Collectively, the contributors to Imagining the Book offer a snapshot of current research in English manuscript study in the pre-modern period on the inter-related topics of patrons and collectors, compilers, editors and readers, and identities beyond the book. This volume responds to the recent development and institutionalization of 'History of the Book' within the wider English Studies discipline. Scholars working in the pre-printing era with the material vestiges of a predominantly manuscript culture are currently establishing their own models of production and reception. Research in this area is now an accepted part of twenty-first century Medieval Studies. Within such a context, it is frequently observed that scribal culture found imaginative ways to deal with the technological watersheds represented by the transition from memory to written record, roll to codex, or script to print. In such an 'eventful' environment, texts and books not infrequently slip through the semi-permeable boundaries laboured over by previous generations of medievalists, boundaries that demarcate orality and literacy; 'literary' and 'historical'; 'religious' and 'secular'; pre- and post-Conquest compositions, or 'Medieval' and 'Renaissance' attitudes and writings. Once texts are regarded as offering indices of community- or self-definition, or models of piety and good behaviour (and the codices holding them statements of prestige and influence), the book historian is left to contemplate the real or imagined importance and status of books and writting within the larger socio-political, often local, milieux in which they were once produced and read.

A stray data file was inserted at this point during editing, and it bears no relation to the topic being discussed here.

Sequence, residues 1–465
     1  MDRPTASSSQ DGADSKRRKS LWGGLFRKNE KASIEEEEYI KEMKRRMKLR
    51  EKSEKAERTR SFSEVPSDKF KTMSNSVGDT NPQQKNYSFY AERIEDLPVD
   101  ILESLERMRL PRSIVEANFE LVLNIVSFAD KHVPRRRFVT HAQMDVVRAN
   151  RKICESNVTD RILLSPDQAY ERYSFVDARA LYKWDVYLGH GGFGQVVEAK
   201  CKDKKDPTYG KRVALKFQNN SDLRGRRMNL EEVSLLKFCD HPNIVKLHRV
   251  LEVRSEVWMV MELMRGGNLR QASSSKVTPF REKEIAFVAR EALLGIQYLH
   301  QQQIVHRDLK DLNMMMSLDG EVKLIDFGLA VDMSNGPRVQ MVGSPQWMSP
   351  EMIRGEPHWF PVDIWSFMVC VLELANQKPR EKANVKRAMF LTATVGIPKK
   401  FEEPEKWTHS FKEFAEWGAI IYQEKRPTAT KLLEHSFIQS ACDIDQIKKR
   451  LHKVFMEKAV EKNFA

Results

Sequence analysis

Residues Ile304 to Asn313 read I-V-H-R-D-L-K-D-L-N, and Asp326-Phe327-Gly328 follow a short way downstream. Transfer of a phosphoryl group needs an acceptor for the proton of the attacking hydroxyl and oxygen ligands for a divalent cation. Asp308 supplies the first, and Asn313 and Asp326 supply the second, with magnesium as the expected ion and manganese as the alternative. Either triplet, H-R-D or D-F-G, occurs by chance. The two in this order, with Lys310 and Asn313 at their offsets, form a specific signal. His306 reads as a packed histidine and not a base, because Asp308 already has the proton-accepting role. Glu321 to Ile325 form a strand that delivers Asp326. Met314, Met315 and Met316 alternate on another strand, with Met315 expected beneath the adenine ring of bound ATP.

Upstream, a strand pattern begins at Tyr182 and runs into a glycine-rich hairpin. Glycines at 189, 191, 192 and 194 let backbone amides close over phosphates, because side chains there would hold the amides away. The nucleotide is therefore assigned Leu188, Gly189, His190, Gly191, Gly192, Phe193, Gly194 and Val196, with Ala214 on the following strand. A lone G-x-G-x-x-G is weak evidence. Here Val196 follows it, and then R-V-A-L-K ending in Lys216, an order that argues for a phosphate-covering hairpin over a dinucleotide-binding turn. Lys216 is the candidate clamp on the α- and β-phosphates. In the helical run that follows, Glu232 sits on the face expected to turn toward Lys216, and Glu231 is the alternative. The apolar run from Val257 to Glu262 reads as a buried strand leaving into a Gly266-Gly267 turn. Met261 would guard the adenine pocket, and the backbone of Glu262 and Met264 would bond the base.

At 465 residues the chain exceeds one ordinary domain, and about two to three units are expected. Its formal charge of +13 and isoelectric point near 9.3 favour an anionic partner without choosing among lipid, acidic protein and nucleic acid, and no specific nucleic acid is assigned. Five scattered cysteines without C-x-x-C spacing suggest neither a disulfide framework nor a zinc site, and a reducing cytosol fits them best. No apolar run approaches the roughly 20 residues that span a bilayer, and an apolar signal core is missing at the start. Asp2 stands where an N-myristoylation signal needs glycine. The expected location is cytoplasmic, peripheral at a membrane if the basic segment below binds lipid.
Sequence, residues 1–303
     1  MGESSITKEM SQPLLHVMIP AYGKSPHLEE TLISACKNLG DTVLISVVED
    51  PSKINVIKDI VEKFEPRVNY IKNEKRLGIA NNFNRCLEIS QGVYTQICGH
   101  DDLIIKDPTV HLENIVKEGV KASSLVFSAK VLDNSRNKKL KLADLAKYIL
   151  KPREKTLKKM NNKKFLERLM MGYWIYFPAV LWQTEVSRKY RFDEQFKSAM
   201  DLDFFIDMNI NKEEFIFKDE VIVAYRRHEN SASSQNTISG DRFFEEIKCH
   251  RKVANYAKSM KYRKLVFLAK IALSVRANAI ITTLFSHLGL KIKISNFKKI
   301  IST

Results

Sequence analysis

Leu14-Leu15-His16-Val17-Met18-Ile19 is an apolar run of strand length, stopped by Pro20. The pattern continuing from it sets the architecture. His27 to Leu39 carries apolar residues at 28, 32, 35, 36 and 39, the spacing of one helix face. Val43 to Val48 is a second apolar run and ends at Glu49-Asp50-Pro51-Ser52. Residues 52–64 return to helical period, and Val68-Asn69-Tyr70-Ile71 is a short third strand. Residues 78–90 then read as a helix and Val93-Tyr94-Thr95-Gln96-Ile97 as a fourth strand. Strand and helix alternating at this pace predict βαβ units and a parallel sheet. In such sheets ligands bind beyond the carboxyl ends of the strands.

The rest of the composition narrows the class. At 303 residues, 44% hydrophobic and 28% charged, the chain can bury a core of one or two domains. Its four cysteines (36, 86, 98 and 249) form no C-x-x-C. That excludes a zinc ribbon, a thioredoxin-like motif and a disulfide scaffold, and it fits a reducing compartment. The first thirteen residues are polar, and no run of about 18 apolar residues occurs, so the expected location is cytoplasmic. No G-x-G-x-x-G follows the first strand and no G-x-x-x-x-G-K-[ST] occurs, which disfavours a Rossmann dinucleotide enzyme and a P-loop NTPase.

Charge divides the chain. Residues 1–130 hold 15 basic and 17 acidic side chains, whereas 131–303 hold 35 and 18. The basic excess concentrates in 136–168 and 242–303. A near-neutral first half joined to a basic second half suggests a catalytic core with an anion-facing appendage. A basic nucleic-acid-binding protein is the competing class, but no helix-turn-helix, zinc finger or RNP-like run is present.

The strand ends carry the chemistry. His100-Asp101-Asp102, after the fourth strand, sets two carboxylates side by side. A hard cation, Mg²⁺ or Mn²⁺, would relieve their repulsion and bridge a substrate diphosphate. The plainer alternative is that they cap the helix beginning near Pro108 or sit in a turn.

All fourteen essays in this volume question the status of the book in a predominantly manuscript culture. Some focus on the practical politics of book production and local circumstances; others focus on the visual experience of early readers. In this volume, the idea of the pre-modern vernacular book is pursued in terms of its miscellaneity and its association with localised writing projects undertaken by (and occasionally also for) a polyglot and sometimes also socially-aware English readership. Such investigation is valuable since it enables us to recognise the textual networks, the sources and the readership that mark the pre-modern codex as an important medium of social and literary exchange quite distinct from printed books.